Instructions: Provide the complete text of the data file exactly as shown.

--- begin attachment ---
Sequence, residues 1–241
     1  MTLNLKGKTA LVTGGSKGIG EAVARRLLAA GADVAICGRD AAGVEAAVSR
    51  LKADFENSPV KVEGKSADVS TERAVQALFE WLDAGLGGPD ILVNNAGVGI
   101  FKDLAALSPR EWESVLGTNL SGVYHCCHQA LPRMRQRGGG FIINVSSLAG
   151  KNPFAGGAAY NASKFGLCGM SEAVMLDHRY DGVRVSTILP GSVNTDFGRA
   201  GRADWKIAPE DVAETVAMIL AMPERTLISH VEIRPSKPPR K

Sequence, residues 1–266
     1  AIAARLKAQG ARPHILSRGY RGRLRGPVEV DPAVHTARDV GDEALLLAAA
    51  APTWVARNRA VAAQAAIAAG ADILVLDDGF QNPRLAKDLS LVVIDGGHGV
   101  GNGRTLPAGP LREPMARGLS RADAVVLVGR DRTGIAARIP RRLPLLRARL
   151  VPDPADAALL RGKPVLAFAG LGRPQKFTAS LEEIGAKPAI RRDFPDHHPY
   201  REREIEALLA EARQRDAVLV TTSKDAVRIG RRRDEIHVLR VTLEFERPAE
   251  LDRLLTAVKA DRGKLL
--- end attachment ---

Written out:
Sequence, residues 1–241
     1  MTLNLKGKTA LVTGGSKGIG EAVARRLLAA GADVAICGRD AAGVEAAVSR
    51  LKADFENSPV KVEGKSADVS TERAVQALFE WLDAGLGGPD ILVNNAGVGI
   101  FKDLAALSPR EWESVLGTNL SGVYHCCHQA LPRMRQRGGG FIINVSSLAG
   151  KNPFAGGAAY NASKFGLCGM SEAVMLDHRY DGVRVSTILP GSVNTDFGRA
   201  GRADWKIAPE DVAETVAMIL AMPERTLISH VEIRPSKPPR K

Sequence, residues 1–266
     1  AIAARLKAQG ARPHILSRGY RGRLRGPVEV DPAVHTARDV GDEALLLAAA
    51  APTWVARNRA VAAQAAIAAG ADILVLDDGF QNPRLAKDLS LVVIDGGHGV
   101  GNGRTLPAGP LREPMARGLS RADAVVLVGR DRTGIAARIP RRLPLLRARL
   151  VPDPADAALL RGKPVLAFAG LGRPQKFTAS LEEIGAKPAI RRDFPDHHPY
   201  REREIEALLA EARQRDAVLV TTSKDAVRIG RRRDEIHVLR VTLEFERPAE
   251  LDRLLTAVKA DRGKLL